• Wire transfers/remittance
    • Use of nominees
    • Currency exchange/cash conversion
    • Gambling activities
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    New legislation

    Currently submission of STRs is still under the Financial Transaction Reporting Act 1996 (FTRA). Looking forward to the AML/CFT Act 2009, sections 40-48 detail the STR process while sections 142-148 detail the financial intelligence functions of the Commissioner of Police. These functions are delegated to the FIU.

    Defensive reporting

    Defensive reporting is where a reporting entity submits STRs when little or no suspicion exists, in order to appear compliant with legal requirements. The FIU strongly discourages defensive reporting, as it masks genuine reporting, skews the resulting data and could impact on investigations

    What is suspicious?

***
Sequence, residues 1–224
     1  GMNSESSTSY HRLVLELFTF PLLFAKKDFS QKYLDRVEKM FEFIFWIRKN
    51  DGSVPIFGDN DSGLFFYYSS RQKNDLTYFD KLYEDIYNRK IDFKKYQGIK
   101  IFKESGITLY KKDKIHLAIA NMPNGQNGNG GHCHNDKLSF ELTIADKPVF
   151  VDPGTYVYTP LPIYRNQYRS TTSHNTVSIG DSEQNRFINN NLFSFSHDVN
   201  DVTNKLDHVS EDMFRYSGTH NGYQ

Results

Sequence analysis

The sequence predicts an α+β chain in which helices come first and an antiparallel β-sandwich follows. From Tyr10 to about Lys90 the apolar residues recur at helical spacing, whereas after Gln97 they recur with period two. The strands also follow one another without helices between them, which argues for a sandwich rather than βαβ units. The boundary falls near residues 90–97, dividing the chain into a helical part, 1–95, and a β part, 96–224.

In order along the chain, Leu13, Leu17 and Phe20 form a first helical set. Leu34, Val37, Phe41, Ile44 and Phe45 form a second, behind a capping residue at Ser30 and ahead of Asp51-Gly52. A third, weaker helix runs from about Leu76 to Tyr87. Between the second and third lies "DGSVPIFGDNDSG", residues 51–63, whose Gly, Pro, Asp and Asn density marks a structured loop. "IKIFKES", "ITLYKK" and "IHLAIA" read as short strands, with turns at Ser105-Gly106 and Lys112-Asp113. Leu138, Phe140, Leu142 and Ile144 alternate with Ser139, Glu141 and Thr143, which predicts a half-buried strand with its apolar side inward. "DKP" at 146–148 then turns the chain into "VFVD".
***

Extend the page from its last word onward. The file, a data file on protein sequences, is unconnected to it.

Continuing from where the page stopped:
Suspicion is subjective. However, there should always be a rationale behind forming a suspicion and it is this critical thinking that the FIU would like to see included in STRs. When considering the factors which make up a good STR the word 'unusual' may be a better word than 'suspicious'. The FIU would like to know why the transaction is unusual; was it the size of the transaction, the use of unnecessarily complex structures, the behaviour of the person etc. Unusual activity can be based on any combination of factors, including for example the type of customer or their behaviour, the nature of the financial product, or the country/countries involved in the transaction. While the FIU will ultimately decide if a STR is indeed suspicious it is vital that reporting entities identify and submit STRs in relation to unusual activity.